Rashes

In spite of your best efforts to keep your baby clean, happy, and generally all-around perfect, stuff happens. Spit up. Baby acne. Allergies. And yes, rashes may flare up from time to time. These ideas will help you identify the causes of various types of diaper rashes and how to address them while using cloth diapers.

Note: If your baby develops a rash that requires any kind of thick diaper cream, be sure to protect your cloth diapers from repelling by using a liner.


Chemical Sensitivity

Some babies have such sensitive skin that even the chemicals and fragrances in the expensive “sensitive” baby wipes irritate their little bottoms. Use cloth wipes along with plain water, a gentle premixed wipe solution, or a homemade wipe solution. (Bonus: cloth wipes save money, too!)


Prolonged Wetness

With a disposable diaper, you can touch the front to check for the squishy feel of the polyacrylate gel which indicates that the diaper is wet. With cloth diapers, it may be harder to tell until you’ve figured out your baby’s rhythms. As a rule of thumb, newborns should be changed at least every two hours (and every time they have a dirty diaper). If wetness seems to bother your baby’s skin, use a stay-dry fabric against your baby’s skin and/or a cloth-safe diaper ointment as a barrier.


Heat Rash

If a rash develops after being outside in warm weather, it may be caused by a combination of heat, sweat, and urine. A cornstarch-based baby powder* or a medicated zinc powder will keep baby’s bottom dry, reducing the chances of a rash developing. If you’re just spending time outside at home in warm weather, you can put your baby in a fitted, prefold, or flat diaper (without a waterproof cover) for maximum air circulation to the bum.

* If you have any suspicion that it’s a yeast rash instead (if pimple-like spots are present in the rash or your baby has recently been on antibiotics),  be aware that cornstarch can feed the yeast and worsen the rash.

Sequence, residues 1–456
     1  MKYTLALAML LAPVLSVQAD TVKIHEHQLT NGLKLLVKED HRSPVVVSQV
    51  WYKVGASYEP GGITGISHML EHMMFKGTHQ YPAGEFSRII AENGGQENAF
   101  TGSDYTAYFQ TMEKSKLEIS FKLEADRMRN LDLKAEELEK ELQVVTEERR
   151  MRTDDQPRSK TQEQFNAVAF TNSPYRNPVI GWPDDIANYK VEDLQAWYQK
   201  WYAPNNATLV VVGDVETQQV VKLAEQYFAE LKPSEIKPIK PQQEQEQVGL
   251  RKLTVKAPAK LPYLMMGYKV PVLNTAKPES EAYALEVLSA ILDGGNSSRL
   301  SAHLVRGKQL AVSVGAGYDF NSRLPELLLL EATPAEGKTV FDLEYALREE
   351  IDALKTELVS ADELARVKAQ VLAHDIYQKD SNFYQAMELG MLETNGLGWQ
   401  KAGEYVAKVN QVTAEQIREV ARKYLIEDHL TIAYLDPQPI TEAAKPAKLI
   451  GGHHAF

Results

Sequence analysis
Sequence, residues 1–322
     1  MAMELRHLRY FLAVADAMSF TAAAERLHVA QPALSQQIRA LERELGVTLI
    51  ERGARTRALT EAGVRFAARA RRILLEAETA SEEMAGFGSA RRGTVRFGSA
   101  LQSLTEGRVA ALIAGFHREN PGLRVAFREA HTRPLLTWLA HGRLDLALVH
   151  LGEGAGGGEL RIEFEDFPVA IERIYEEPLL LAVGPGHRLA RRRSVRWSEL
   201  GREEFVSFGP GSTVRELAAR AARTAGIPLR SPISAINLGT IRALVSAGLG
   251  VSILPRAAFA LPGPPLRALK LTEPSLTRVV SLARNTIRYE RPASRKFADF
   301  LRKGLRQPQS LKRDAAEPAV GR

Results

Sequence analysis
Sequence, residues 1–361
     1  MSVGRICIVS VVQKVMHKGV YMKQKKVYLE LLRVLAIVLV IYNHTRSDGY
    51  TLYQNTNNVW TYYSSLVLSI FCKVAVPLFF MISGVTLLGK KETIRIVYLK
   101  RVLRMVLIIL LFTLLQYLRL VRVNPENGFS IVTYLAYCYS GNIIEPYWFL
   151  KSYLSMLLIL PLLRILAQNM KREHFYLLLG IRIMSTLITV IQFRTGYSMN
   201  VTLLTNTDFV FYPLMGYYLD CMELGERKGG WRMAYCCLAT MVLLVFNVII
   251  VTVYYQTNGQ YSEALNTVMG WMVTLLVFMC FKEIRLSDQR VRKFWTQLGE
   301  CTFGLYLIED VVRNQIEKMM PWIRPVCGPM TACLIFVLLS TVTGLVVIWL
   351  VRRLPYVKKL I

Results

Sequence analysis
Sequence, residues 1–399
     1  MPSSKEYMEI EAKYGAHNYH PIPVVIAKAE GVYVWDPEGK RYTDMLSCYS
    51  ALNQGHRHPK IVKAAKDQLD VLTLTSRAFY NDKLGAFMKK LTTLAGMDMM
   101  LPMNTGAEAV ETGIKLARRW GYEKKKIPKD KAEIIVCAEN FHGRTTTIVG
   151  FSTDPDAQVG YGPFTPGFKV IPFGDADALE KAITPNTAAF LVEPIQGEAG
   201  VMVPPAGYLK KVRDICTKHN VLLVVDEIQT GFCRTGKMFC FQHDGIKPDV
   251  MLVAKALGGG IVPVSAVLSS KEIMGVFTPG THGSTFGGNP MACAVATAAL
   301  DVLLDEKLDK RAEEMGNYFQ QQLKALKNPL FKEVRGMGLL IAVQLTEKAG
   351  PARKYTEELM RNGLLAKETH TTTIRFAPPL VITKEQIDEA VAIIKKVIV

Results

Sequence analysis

Detergent Build-Up

If your chosen laundry detergent isn’t rinsing completely away, it can build up on the fibers of your diapers and cause irritation to baby’s skin. If you suspect you have build-up, take your clean diapers and put them through a hot water rinse cycle in your washing machine. Are there any sudsy bubbles? If so, you have build up. Keep rinsing until the bubbles are gone. Then modify your regular laundry routine with either less detergent, more rinsing, or both so that the problem doesn’t happen again.


Ammonia Build-Up

The breakdown of human urea causes the release of ammonia. This is normal, and unless you leave your cloth diapers unwashed for 3 days or longer, you generally won’t notice any smell from this natural process. However, sometimes cloth diapers begin smell unusually strong in a way that burns the inside of your nose immediately after baby wets them or after just a few hours in the diaper pail. If you notice this happening, your cloth diapers are harboring ammonia in the fibers, which can lead diaper rash, particularly overnight. To get your diapers fresh once again, give them an extra rinse or two in hot water (if you remove anything with PUL or elastic from the load, you can use boiling water). You can also soak with a tablespoon or two of RLR or Funk Rock Ammonia Bouncer and then rinse. Going forward, be sure to modify your regular laundry routine with more rinsing so that the problem doesn’t happen again.


Yeast

Yeast rashes are the most frustrating to deal with, because the yeast can transfer back and forth between the baby and the cloth diapers. If you see a rash with pimple-like spots on your baby, take immediate action. To treat your baby, add a splash of vinegar to the bath, and use a topical anti-yeast or anti-fungal cream after every diaper change. Sanitize your cloth diapers by washing them in oxygen bleach along with a few drops of tea tree oil and/or grapefruit seed extract. Use boiling water on inserts, prefolds, and flats (anything without elastic and PUL). Dry them in direct sunlight if possible.